NEW YORK -- Admirers saw an unusually personal side of Pope Benedict XVI yesterday when he ad-libbed a reference to his faults and sins and later spoke of the "sinister" Nazi regime that was the backdrop of his youth.
Both passages uttered by the pope were remarkable in their frankness and came as the German-born theologian observed the third anniversary of his election as pontiff.
On the penultimate day of his six-day pilgrimage to the United States, Pope Benedict presided over Mass at St. Patrick's Cathedral in Manhattan and exhorted members of a depleted priesthood to overcome hurtful divisions and act "as beacons of light" in the service of the church. Later in the day he turned his attention to the next generation of church leaders, telling a huge youth rally of the "limitless expanse of the horizons of Christian discipleship."
The pope stepped into St. Patrick's, a cavernous Gothic landmark with spires and intricate stained-glass windows, and strode to the gilded altar amid thunderous applause and cheers from some 3,000 priests, deacons and nuns who crossed themselves at his presence and quickly snapped photographs.
"The spires of St. Patrick's Cathedral are dwarfed by the skyscrapers of the Manhattan skyline," the pope, in gold-encrusted miter and robes, said in the homily, "yet in the heart of this busy metropolis, they are a vivid reminder of the constant yearning of the human spirit to rise to God." It was the first time a pope has said Mass in what is arguably the nation's most renowned house of Roman Catholic worship.
At the end of the Mass, a visibly moved pope rose and delivered an impromptu message in halting English, describing himself as a "poor successor" to the first pontiff.
"I will do all possible to be a real successor to St. Peter, who also was a man with his faults and sins, but who remains finally the rock for the church," Pope Benedict said. "I can only thank you for your love of the church, for the love of our Lord and that you give also your love to the poor successor of St. Peter."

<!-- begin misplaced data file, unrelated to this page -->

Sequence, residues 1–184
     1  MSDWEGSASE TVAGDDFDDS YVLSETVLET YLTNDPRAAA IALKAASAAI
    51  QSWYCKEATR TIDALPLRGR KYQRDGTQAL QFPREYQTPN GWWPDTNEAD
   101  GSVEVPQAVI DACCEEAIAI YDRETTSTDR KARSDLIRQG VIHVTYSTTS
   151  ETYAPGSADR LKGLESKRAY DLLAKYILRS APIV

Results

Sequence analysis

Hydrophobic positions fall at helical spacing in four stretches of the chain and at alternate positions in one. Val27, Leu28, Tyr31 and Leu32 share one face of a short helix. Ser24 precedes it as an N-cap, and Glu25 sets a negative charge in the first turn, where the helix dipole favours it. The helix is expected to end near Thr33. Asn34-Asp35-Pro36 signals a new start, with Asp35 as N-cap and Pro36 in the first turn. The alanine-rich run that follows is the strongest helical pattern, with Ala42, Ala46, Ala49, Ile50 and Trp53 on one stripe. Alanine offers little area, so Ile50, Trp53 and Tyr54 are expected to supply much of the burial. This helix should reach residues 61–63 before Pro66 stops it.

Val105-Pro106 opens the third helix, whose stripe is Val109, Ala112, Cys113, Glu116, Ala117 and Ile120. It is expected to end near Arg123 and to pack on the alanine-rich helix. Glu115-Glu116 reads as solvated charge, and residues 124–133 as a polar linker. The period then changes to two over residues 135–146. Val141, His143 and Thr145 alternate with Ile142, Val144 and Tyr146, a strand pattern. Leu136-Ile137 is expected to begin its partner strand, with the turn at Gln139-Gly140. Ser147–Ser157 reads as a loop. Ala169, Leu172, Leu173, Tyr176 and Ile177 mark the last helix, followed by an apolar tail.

Although Pope Benedict is known for having a humble touch, Americans are only seeing his personal side gradually revealed on this trip.
Though his spoken words are often abstract, highly intellectual and delivered with a heavy German accent, several direct messages have come through, most notably his repeated condemnation of pedophilia by priests.
Later yesterday, pope Benedict again offered a glimpse of his personal background when he addressed seminarians at the St. Joseph's Seminary in Yonkers and urged them to overcome "activities and mindsets, which stifle hope."
"My own years as a teenager were marred by a sinister regime that thought it had all the answers; its influence grew, infiltrating schools and civic bodies, as well as politics and even religion, before it was fully recognized for the monster it was," he said. "It banished God and thus became impervious to anything true and good."
Nazism swept through the Bavaria that the pope, then Joseph Ratzinger, grew up in during the 1930s. Catholic groups were forced to meet in secret, and crucifixes were removed from classrooms. The young Ratzinger was schooled in a seminary that was eventually taken over by the Nazis and, like many teenagers of the day, he joined the Hitler Youth out of fear of retaliation.
Pope Benedict does not discuss that history publicly very often, so its inclusion, though brief in an otherwise long speech, was telling. Taken with the earlier words of humility, he allowed a little more insight into his persona and his personal history, a counterpoint to the image many in the U.S. have of him as a taciturn and rigid leader.
Yesterday, the pope also addressed, for the fourth time in five days, the clergy sexual-abuse crisis.
At the St. Patrick's Mass, he spoke of the need for "purification" throughout the church and its religious orders, and urged all of the faithful to unite and "move forward in hope."
Tracy Wilkinson writes for the Los Angeles Times.